feel of a desolate western and a world weary war film.
Yet, the overall arc of Caesar's quest to travel into the heart of
darkness that is the Colonel's lair has the most definitive echoes to
Francis Ford Coppola's aforementioned film.
Of course, the
enthralling scripting of these new APES films are what really helps cement
them apart from most other obligatory summer blockbusters, which usually
rely of a heavy preponderance of numbing and fatiguing eye candy.
WAR FOR THE PLANET OF THE APES has an uncommon thematic density as
it delves into the horrors of racism, the ravages of war, and how a
ravenous thirst for violence - both on the human and ape side - leads to
the whole world going morally bankrupt.
The film also asks challenging questions about its main hero's own
righteousness, especially for how Caesar's unstoppable desire to murder
the Colonel clouds his sense of compassionate right and wrong and his past
unwillingness to wage war, traits that have come to define the character
over the course of the series. Rather
intriguingly, Caesar has become the very tunnel visioned extremist that
Koba became in DAWN FOR THE PLANET OF THE APES, which further propels
Caesar down a toxic rabbit hole of inner chaos and ethical confusion.
Serkis is as
thanklessly brilliant as ever when it comes to running the full gambit of
relaying Caesar's conflicting emotional state here.
This is a character that has been dealt up terrible losses during
the course of the three films that he has occupied, and perhaps more so
now than ever you truly feel that he's been driven to an infuriating
breaking point that will essentially cost him his stature of as a supreme
leader with a melancholic soul. And
yes, Weta Digital's visual effects work here is arguably the greatest ever
achieved for a mainstream film. Unlike
so much CG imagery that feels like it's ostentatiously drawing needless
attention to itself, the marvelous work here seems invisible: We rarely,
if ever, feel like Caesar and the apes are the product of technologically
fakery...they come off like real hyper intelligent apes.
Reeves is wise enough of a filmmaker to intuitively understand that
cutting edge and pioneering effects can only achieve a level of
transcending allure when we grow less and less conscious of their
existence on screen. Serkis'
limitlessly expressive performance comes through the digital makeup and
never feels buried or burdened by it.
surrounding Caesar are also well drawn, especially Maurice, who continually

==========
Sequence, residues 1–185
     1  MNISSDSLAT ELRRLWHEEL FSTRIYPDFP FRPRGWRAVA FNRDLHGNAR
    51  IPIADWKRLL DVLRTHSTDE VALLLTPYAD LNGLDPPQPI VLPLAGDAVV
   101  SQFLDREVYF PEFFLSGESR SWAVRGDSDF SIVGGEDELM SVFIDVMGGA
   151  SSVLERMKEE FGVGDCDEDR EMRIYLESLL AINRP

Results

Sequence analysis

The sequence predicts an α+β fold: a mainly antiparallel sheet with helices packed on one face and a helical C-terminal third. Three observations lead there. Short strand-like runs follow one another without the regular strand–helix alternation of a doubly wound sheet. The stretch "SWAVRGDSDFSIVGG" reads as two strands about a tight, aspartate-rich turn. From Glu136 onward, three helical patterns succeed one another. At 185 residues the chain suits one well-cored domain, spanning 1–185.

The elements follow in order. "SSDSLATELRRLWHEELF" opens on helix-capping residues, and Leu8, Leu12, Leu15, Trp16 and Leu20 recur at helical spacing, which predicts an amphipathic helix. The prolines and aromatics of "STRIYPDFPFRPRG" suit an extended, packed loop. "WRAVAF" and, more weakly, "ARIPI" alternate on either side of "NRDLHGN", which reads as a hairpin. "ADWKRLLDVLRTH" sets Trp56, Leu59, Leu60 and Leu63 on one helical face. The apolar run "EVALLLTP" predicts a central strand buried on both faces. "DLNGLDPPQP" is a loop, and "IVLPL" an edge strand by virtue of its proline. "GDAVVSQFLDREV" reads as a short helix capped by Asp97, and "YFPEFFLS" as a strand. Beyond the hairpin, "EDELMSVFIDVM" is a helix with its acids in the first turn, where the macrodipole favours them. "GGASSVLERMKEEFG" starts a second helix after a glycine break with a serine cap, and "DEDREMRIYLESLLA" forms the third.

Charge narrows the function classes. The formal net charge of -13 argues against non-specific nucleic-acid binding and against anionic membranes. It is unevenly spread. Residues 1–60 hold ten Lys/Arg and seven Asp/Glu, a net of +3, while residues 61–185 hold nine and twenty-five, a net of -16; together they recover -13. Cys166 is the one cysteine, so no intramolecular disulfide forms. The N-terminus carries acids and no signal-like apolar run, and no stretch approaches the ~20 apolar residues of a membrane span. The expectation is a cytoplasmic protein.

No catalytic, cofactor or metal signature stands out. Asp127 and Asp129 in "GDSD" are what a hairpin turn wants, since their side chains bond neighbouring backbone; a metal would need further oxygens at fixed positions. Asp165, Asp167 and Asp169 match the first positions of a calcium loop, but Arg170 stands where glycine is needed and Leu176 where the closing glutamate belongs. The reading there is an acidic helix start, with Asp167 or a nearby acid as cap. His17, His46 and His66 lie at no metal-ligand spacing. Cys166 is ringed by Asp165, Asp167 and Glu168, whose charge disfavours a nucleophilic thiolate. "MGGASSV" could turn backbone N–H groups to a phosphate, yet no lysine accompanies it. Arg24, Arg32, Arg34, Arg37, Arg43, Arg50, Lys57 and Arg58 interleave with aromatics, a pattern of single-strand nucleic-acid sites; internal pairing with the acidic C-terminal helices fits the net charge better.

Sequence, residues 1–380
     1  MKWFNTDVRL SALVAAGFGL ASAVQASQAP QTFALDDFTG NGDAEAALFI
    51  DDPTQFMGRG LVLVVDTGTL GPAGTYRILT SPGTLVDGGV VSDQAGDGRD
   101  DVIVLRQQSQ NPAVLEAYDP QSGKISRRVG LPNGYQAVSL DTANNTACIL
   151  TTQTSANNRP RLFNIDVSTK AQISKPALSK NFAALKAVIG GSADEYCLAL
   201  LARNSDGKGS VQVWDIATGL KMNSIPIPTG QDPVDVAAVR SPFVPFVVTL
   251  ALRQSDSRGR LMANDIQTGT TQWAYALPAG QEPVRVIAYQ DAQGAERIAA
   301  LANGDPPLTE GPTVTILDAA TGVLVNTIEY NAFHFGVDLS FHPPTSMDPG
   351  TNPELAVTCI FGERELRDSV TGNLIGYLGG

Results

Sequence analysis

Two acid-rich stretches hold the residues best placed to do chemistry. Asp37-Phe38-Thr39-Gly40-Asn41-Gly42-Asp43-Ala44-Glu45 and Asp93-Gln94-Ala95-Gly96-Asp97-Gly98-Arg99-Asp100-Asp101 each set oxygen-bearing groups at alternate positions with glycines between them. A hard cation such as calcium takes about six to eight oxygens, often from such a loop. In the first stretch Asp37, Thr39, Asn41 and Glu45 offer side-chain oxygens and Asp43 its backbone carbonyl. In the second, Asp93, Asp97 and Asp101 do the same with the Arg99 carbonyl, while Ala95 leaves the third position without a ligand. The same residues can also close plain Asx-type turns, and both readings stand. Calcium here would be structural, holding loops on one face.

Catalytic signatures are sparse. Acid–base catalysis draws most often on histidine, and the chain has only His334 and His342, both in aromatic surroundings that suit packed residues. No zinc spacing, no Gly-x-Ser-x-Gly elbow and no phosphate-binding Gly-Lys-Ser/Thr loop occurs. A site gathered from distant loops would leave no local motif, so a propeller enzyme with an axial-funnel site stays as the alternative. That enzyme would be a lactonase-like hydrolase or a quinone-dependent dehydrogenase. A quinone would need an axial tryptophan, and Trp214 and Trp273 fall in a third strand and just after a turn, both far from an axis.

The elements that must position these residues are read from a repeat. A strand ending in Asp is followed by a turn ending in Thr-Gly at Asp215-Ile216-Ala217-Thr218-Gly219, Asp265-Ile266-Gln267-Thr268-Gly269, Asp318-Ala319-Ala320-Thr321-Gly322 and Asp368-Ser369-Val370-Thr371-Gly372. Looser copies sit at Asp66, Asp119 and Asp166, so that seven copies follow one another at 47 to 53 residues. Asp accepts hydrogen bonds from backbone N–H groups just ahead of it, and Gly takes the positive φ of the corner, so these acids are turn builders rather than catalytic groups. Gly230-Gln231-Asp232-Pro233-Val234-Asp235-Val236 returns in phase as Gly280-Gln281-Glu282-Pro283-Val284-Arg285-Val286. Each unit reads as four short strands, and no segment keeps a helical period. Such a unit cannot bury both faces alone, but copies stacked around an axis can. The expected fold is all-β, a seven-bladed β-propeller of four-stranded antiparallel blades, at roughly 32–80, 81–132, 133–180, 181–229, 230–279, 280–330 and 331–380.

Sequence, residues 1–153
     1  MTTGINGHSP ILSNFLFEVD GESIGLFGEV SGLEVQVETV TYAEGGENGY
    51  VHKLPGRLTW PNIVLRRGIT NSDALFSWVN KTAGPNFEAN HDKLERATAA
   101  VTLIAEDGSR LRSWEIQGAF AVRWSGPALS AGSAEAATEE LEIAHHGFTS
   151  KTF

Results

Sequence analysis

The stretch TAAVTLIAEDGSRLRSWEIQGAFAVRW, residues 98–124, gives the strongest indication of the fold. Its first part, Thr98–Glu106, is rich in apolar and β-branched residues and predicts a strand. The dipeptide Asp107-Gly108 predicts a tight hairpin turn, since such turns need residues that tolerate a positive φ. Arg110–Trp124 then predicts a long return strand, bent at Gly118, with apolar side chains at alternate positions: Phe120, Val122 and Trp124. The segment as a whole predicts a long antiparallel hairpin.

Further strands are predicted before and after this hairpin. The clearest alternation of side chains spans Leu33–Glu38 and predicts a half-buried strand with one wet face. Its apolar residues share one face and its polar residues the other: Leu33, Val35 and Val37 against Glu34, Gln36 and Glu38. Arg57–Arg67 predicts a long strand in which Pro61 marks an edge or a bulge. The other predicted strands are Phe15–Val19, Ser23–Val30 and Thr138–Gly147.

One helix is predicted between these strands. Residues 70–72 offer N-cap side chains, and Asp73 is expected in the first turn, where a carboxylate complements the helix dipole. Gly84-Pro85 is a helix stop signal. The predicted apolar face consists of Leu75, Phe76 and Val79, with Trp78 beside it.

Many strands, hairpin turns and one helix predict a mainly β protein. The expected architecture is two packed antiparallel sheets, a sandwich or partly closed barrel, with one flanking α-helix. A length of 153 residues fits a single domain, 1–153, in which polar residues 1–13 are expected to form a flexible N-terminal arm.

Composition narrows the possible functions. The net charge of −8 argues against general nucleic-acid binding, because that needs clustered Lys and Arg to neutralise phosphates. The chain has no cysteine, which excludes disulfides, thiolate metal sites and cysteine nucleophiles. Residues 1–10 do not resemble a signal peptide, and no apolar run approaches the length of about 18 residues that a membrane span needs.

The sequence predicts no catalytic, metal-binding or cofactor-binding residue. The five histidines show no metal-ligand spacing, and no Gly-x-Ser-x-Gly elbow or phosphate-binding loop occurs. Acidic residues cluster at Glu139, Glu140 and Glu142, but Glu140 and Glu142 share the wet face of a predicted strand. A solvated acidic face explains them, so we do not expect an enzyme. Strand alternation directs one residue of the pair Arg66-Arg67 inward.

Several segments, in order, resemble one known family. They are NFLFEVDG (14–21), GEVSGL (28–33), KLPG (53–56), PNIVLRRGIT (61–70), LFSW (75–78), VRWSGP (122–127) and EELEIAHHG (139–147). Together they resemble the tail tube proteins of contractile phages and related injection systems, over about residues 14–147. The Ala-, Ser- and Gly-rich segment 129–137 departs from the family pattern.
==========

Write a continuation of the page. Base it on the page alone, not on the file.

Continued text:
serves as his leader's voice of reason when he sees him succumbing to his
more baser impulses. The discovery and inclusion of the human girl Nova serves as loving nod to the original series, but it also helps reinforce a
new tantalizing plot thread as to how the simian virus has mutated with
new side effects for humans. Zahn
inhabits a new ape character that could have been the source of hammy comic relief as Bad Ape, but he infuses such oddball mischievous
charm into the role that he never becomes an eye rolling disturbance.
Arguably the most thought provoking new addition to the cast is Harrelson
as the Colonel, who superficially comes off as a one note militarized
sociopath replete with army fatigues, a shaved cranium, grease paint, and
penchant for wanton destruction. Yet,
Harrelson is a strong enough actor to never overplay his villain to
cartoonish effect and instead makes his colonel a figure - like Caesar -
that was driven over the edge because of past trauma.
When Caesar and the Colonel do confront one another it's handled
with dialogue and the characters mentally sizing each other up; Reeves
drums up the disquieting unease and tension of these moments with words,
not action. And the final climatic showdown between them both ends
on a note of pathetic poetic justice.
WAR FOR THE PLANET OF THE APES builds towards an exhilarating third act that's viscerally powerful on a level of propulsive action, but it also culminates in a few key moments that pack an unexpected dramatic wallop. In the end, the film becomes a study of human on ape brutality, which helps spawn Caesar back into the role of a cunning freedom fighter looking to fully liberate his kind, but not without making some dire sacrifices along the way. There have been hints that this will indeed be the final entry in this Caesar centric PLANET OF THE APES reboot trilogy, and Reeves manages to miraculously find a manner of bring a sense of closure to Caesar's arc while simultaneously leaving the door open to potential future films that could directly tie into the events of the 1968 universe spawning original. That's no easy feat, seeing as far too many big budget summer tentpole blockbusters these days seem hell bent of future world building at the expense of crafted solid single installments that work well on their own terms. Reeves, like a George Lucas and Steven Spielberg before him, has now joined the ranks of great visionary mythmaking directors with his APE trilogy, and WAR FOR THE PLANET OF THE APES brings his rebooted vision of a cherished sci-fi classic to masterful fruition.